Julianne Sitch

Julianne Sitch, head coach of the men’s soccer program. (UChicago Athletics and Recreation)


A former Maroon assistant wins a title her first year in charge.

In December Julianne Sitch finished her first season as head coach of the men’s soccer program. Before working with the Chicago Red Stars in the National Women’s Soccer League, she was an assistant to longtime UChicago women’s coach Amy Reifert. A star midfielder/forward at DePaul University, Sitch switched to defense during her professional playing career in the United States and abroad.

When the Maroons won the NCAA championship, ending the season 22–0–1, was she expecting the international news coverage that focused on her as a woman coach? “Not at all,” says Sitch. “I am excited, but I wish the media were all for the guys. They’ve been phenomenal. They’ve worked extremely hard. They’ve been in the Final Four several times in the last few years, and I am very, very proud of them.”

UChicago Soccer Team
“The relationships and memories that you create with your teammates,” Sitch says, “are something you may not experience again—and a lot of people don’t experience in their lifetime.” (UChicago Athletics and Recreation)

Who were the soccer players you admired growing up? Did you have a poster of US National Team star Mia Hamm?

Mia Hamm was always one of my favorites, for the obvious reason of who Mia Hamm was.

I look really strongly at the 1999 World Cup champions and what they’ve done for women in general. For so long, I watched and idolized men’s soccer players, because it was the only thing I could relate to at the time I was growing up—until that 1999 team.

What made you want to come back to UChicago?

I loved my time here on the women’s side. I loved the athletic department. I loved working with the student-athletes—and the type of student-athletes you get here.

[Previous men’s coach] Pat Flinn and I knew each other from when I was an assistant on the women’s side and he was on the men’s side. Knowing him and what he’s done with the program, when he asked if I’d be interested in the opportunity, I said, “Oh, yeah!”

Amy Reifert had a lot of great things to say about you. She said she was thrilled when she found out you were interested in the job.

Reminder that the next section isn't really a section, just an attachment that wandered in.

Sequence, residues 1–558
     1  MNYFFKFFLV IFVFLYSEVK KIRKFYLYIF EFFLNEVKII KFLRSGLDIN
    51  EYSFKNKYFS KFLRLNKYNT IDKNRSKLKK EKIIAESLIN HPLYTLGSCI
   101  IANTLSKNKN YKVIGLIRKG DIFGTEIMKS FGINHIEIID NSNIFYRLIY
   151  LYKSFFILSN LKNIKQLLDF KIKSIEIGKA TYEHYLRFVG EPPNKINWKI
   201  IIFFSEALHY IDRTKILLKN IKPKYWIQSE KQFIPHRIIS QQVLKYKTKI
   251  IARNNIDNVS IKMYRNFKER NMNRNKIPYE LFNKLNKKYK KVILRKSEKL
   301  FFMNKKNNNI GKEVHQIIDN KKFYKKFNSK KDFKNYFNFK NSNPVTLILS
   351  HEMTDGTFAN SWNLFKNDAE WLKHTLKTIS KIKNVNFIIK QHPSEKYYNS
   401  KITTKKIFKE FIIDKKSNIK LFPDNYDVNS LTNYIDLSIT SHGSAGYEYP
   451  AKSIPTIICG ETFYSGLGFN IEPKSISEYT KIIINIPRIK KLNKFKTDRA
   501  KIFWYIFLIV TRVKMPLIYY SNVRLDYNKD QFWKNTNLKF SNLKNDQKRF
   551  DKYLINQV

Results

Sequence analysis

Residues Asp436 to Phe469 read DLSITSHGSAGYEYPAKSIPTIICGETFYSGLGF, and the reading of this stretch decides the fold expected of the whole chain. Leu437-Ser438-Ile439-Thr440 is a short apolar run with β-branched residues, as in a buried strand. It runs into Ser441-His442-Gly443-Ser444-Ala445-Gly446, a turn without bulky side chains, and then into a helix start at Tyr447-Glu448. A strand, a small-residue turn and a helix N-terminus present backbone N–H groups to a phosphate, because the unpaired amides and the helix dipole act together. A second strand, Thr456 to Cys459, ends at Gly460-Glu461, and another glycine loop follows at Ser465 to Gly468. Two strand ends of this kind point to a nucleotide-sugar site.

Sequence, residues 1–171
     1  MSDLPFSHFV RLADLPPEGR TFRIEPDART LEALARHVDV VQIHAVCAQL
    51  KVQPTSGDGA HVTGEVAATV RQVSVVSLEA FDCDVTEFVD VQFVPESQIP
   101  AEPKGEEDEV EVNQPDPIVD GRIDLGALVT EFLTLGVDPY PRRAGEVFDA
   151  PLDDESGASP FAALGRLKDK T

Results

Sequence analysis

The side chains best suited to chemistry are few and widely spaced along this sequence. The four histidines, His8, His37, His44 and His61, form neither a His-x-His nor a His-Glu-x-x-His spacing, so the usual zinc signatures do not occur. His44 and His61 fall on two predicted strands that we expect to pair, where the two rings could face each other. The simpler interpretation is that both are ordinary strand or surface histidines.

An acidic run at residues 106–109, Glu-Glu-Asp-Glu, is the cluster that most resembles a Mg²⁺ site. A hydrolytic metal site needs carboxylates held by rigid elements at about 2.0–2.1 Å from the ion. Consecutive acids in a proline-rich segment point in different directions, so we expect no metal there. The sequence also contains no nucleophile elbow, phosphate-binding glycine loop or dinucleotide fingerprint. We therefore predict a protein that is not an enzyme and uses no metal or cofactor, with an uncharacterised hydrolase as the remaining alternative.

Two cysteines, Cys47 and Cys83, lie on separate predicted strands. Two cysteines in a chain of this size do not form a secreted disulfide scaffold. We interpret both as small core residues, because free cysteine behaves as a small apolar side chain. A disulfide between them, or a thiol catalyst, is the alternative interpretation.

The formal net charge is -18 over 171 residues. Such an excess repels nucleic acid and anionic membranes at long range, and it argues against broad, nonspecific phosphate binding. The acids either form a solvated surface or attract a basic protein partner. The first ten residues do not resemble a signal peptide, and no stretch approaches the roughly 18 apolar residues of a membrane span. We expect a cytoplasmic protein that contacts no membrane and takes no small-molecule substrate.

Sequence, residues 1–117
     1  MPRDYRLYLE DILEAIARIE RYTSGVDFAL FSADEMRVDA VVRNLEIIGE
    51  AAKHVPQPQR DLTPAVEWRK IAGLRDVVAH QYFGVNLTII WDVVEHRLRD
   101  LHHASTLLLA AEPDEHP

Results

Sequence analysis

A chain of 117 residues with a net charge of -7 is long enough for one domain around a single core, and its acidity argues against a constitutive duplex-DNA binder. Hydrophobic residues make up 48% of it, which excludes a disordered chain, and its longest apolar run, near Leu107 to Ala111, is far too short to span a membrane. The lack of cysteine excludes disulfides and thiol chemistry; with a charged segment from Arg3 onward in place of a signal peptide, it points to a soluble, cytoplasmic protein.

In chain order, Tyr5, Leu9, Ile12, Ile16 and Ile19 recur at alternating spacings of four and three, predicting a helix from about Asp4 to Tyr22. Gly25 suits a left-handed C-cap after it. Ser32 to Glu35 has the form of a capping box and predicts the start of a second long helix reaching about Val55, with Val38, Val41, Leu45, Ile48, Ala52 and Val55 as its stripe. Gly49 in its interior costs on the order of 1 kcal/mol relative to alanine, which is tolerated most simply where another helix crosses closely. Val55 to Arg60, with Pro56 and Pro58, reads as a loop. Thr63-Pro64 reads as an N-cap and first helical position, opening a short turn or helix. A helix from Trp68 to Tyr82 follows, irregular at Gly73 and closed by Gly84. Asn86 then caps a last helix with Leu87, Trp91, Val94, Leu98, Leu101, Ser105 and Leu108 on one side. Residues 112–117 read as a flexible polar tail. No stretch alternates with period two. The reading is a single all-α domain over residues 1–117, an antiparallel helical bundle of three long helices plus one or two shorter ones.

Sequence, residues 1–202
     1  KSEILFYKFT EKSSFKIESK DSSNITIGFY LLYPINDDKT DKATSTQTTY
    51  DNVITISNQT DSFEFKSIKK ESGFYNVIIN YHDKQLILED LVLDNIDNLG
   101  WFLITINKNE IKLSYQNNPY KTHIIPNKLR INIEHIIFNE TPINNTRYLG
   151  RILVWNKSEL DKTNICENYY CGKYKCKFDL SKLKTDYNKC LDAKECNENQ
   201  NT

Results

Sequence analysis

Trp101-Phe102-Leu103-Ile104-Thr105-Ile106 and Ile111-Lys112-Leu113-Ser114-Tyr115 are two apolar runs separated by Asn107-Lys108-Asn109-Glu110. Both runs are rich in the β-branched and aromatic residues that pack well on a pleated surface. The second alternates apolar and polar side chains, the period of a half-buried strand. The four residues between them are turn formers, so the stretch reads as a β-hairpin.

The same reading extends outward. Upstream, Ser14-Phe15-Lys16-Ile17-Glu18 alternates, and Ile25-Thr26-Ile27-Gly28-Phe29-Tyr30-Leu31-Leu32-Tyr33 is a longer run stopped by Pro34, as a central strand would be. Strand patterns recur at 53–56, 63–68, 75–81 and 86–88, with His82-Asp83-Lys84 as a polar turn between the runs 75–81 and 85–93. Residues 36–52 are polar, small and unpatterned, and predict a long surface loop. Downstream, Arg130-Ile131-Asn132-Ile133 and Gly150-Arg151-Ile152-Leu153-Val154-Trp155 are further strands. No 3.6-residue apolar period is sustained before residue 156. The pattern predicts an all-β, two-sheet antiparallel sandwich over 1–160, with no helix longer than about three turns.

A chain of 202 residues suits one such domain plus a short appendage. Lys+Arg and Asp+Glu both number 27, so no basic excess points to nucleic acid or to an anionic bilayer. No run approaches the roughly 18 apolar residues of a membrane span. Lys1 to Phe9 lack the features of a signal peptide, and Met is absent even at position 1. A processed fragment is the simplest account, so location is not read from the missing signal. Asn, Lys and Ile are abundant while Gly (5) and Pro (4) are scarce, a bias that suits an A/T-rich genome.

Amy’s been a huge part of the women’s program for 30-plus years, right? She’s created this environment where the players have absolutely, truly loved their time here. Being able to grow a true community and culture in athletics at a university is really cool.

Amy’s been a big influence throughout my coaching career.

Was there a moment where you felt like, OK, this season has been a success regardless of how it ends?

A lot of moments. All along in the season, after conference play, being undefeated in nonconference games, then conference season and playoffs. The way the team culture continued to grow every day, the relationships among the staff, and watching the players develop this unbelievable brotherhood—that is success.

Apparently there were a lot of soccer team alumni at the championship game?

Yeah. Without them, this moment doesn’t happen. They paved the way for us to be in a situation to win a championship.

Were you expecting the amount of media attention you got?

Not at all. I am excited, but I wish the media was for all the guys. They’ve been phenomenal. They deserve all the attention in the world. They’ve worked extremely hard. They’ve been in the Final Four several times in the last few years, and I am very, very proud of them.

You got asked a lot about being a woman coaching men.

A lot of people ask, and to me, I’m just coaching athletes. I hope this is not a headline in the future. I hope the headline is “Men’s soccer wins national championship.”

Like all UChicago students, your players are also academically ambitious. Have you learned anything interesting from them?

Absolutely. They inspire me.

If I’m being very honest and transparent, I went to college because I wanted to play soccer and I wanted to be a professional athlete. Now I look back on it, I’m like, man, this is so cool: all the things they get to study and do, and play soccer, and study abroad.